Checkel, Jeffrey T., ed. 2013. Transnational Dynamics of Civil War. Cambridge, UK: Cambridge University Press.
Chiozza, Giacomo, and Goemans, H.E.. 2011. Leaders and International Conflict. New York: Cambridge University Press.
Colgan, Jeff D. 2011. Oil and Resource-Backed Aggression. Energy Policy 39:1669–76.
Colgan, Jeff D. 2012. Measuring Revolution. Conflict Management and Peace Science 29 (4):444–67.
Colgan, Jeff D. 2013a. Domestic Revolutionary Leaders and International Conflict. World Politics 65 (4):656–90.
Colgan, Jeff D. 2013b. Petro-Aggression: When Oil Causes War. Cambridge, UK: Cambridge University Press.
Enterline, Andrew J. 1998. Regime Changes and Interstate Conflict, 1816–1992. Political Research Quarterly 51 (2):385409.
Fearon, James D. 1995. Rationalist Explanations for War. International Organization 49 (3):379414.
Frantz, Erica. 2008. Tying the Dictator's Hands: Elite Coalitions in Authoritarian Regimes. PhD diss., University of California Los Angeles.
Geddes, Barbara. 2003. Paradigms and Sand Castles: Theory Building and Research Design in Comparative Politics. Ann Arbor: University of Michigan Press.
Geddes, Barbara, Wright, Joseph, and Frantz, Erica. 2011. Global Political Regimes Data Set. Available at <>. Accessed 22 November 2011.
Gleditsch, Kristian Skrede. 2002. Expanded Trade and GDP Data. Journal of Conflict Resolution 46 (5):712–24.
Gleditsch, Kristian Skrede, and Ward, Michael D.. 2006. Diffusion and the International Context of Democratization. International Organization 60 (4):911–33.
Gleditsch, Kristian Skrede, Idean Salehyan, and Schultz, Kenneth. 2008. Fighting at Home, Fighting Abroad: How Civil Wars Lead to International Disputes. Journal of Conflict Resolution 52 (4):479506.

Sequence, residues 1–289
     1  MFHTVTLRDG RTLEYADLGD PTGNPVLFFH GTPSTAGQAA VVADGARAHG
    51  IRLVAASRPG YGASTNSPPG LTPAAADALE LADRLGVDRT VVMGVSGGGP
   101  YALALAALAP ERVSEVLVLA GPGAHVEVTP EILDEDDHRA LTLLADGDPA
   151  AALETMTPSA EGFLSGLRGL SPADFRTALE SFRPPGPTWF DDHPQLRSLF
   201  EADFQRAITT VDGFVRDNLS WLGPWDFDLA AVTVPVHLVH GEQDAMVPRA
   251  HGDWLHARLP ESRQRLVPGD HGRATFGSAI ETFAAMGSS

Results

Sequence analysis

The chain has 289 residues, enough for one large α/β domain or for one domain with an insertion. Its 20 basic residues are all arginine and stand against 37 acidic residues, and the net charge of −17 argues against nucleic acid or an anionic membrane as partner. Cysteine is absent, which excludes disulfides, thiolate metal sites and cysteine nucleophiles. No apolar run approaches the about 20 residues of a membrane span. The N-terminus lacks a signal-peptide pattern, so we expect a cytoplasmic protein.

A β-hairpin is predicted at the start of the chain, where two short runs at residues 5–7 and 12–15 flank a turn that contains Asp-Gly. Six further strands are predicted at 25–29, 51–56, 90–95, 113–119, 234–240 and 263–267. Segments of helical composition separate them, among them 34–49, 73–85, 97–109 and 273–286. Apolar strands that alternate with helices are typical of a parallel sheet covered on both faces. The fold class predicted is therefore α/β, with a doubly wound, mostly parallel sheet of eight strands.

Gleditsch, Nils Petter, Peter Wallensteen, Mikael Eriksson, Margareta Sollenberg, and Strand, Håvard. 2002. Armed Conflict 1946–2001: A New Dataset. Journal of Peace Research 39 (5):615–37.
Goemans, Henk E., Skrede Gleditsch, Kristian, and Chiozza, Giacomo. 2009. Introducing Archigos: A Data Set of Political Leaders. Journal of Peace Research 46 (2):269–83.
Goldgeier, James M., and Tetlock, Philip E.. 2001. Psychology and International Relations Theory. Annual Review of Political Science 4:6792.
Goldstone, Jack A. 1997. Revolution, War, and Security. Security Studies 6 (2):127–51.
Goodwin, Jeff. 2001. No Other Way Out: States and Revolutionary Movements, 1945–1991. 1st ed. New York: Cambridge University Press.
Gowa, Joanne S. 2000. Ballots and Bullets: The Elusive Democratic Peace. Princeton, NJ: Princeton University Press.
Gurr, Ted R. 1970. Why Men Rebel. Princeton, NJ: Princeton University Press.
Gurr, Ted R. 1988. War, Revolution, and the Growth of the Coercive State. Comparative Political Studies 21 (1):4565.
Hafner-Burton, Emilie. 2013. Making Human Rights a Reality. Princeton, NJ: Princeton University Press.
Hegre, Håvard. 2000. Development and the Liberal Peace: What Does It Take to Be a Trading State? Journal of Peace Research 37 (1):530.
Horowitz, Michael C., and Stam, Allan C.. 2014. How Prior Military Experience Influences The Future Militarized Behavior of Leaders. Working paper. University of Pennsylvania, Philadelphia, and University of Michigan, Ann Arbor.